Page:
Colman has, perhaps, seldom been justly appreciated; for the grossness which pervades many of his poetical pieces has thrown a shade over their beauties, as the existence of an eruptive volcano lessens the value of the vineyards in its neighbourhood. That Colman is the best dramatist of the present day cannot be disputed; nor can we convince ourselves that, since Congreve, his equal has appeared. Sheridan, whose fame rests upon two plays, was a wit; Colman is a humorist; and each of them has thrown his characteristic into his productions. In the School for Scandal, all the characters speak one language; they are all epigrammatic; and their speeches are all piquant and antithetical. This may be very delightful, for the brilliant ebullitions of fancy always excite pleasure; but it is very unnatural. Oppose to this the system of Colman. That writer, from the sterility of a dogged, obstinate old menial, extracts the richest traits of humour; and, where mere physical mirth is desired, Humphrey Dobbins alone might be backed against the entire play of the School for Scandal; for, be it remembered, the screen scene of that piece produces mirth upon the stage only from the pantomimic exertions of the actors: in the closet it occasions many mixed emotions, in which laughter has no share.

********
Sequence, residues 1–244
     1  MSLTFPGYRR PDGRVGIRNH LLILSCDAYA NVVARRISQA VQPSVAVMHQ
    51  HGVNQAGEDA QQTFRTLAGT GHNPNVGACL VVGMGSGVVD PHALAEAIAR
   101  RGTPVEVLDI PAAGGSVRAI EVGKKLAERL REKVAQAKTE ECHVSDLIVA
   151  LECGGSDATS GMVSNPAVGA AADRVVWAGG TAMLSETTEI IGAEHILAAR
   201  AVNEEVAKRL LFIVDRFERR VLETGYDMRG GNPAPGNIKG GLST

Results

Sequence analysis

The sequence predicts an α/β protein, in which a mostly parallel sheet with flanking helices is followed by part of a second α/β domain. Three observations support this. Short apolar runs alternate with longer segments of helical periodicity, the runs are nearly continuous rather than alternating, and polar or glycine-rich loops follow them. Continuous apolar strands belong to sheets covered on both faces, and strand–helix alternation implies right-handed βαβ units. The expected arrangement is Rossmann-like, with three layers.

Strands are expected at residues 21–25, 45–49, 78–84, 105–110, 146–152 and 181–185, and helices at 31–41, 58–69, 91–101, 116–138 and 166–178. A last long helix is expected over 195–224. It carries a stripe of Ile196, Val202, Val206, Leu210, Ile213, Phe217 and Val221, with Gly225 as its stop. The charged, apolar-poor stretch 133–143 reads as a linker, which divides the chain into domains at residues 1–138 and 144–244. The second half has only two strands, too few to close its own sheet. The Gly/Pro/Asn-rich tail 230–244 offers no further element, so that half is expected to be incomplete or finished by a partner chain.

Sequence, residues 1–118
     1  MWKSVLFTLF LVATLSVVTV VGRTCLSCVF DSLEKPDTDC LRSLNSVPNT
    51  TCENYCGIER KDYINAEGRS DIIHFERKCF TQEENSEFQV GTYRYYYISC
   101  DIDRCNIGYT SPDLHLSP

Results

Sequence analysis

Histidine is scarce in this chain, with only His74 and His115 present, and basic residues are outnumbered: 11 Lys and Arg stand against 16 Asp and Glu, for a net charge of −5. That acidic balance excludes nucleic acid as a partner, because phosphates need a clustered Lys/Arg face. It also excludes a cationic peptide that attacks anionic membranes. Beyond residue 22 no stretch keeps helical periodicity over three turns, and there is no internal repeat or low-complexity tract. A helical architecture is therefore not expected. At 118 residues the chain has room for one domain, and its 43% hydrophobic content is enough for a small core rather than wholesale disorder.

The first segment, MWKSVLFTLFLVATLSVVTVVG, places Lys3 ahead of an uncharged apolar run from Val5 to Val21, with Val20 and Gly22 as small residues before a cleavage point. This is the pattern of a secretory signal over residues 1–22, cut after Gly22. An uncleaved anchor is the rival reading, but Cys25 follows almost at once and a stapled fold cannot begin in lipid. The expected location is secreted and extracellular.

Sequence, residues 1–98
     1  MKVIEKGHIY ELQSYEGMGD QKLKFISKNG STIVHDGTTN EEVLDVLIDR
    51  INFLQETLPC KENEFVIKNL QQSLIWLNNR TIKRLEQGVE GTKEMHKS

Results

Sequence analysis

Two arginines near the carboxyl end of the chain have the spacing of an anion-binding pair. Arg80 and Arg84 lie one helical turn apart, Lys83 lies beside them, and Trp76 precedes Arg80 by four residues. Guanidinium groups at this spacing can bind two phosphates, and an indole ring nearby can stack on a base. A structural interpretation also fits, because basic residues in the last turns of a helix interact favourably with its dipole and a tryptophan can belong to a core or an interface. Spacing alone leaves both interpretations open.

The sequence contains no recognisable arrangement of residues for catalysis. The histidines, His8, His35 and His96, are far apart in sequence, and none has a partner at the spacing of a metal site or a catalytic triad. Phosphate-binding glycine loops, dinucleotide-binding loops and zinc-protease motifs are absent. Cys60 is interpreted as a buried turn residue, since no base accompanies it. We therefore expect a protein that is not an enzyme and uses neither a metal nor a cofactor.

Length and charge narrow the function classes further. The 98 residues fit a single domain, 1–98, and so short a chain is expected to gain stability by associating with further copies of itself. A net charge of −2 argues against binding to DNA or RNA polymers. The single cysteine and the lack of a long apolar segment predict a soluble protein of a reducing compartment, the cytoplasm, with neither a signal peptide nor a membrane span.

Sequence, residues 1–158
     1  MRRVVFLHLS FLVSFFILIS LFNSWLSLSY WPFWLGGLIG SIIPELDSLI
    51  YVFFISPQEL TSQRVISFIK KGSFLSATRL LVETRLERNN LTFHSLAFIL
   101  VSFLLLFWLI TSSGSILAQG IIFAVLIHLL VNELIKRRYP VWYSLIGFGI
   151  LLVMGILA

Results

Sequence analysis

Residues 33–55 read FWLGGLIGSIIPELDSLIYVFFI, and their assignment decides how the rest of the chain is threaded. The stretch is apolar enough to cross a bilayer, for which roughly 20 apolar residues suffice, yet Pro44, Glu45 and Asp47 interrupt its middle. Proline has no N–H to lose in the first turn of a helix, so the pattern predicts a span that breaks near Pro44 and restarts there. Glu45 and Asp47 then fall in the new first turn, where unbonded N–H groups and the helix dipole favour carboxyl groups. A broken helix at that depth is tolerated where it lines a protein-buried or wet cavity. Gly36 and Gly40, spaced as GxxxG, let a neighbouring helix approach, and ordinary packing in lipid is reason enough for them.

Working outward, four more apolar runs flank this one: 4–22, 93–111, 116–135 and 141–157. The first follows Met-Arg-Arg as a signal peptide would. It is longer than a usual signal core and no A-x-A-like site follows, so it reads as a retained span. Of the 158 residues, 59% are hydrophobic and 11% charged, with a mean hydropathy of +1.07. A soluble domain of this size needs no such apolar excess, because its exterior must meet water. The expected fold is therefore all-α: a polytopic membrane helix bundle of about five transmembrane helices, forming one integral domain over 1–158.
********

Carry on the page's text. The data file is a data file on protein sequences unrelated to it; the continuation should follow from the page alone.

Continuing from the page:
The essentials of a great dramatist consist not only in a knowledge, but in a close adherence to and delineation of human nature. Sheridan knew the world: Colman depicts it. Sheridan threw the veil of elegance over his pictures: Colman sends forth the canvass fresh from his hands — rough, perhaps, but natural. Sheridan produced three characters new to the stage: Sir Lucius O'Trigger, Joseph Surface, and Falkland. In each of these he pourtrayed a something foreign to what other dramatists had delineated. Let us turn to Colman's original characters. Where can one find an Ollapod, a Panglos, a Dobbins, a Job Thornberry, a Dennis, or a Yarico? And yet the heart instantly recognizes them as beings in which the world itself abounds.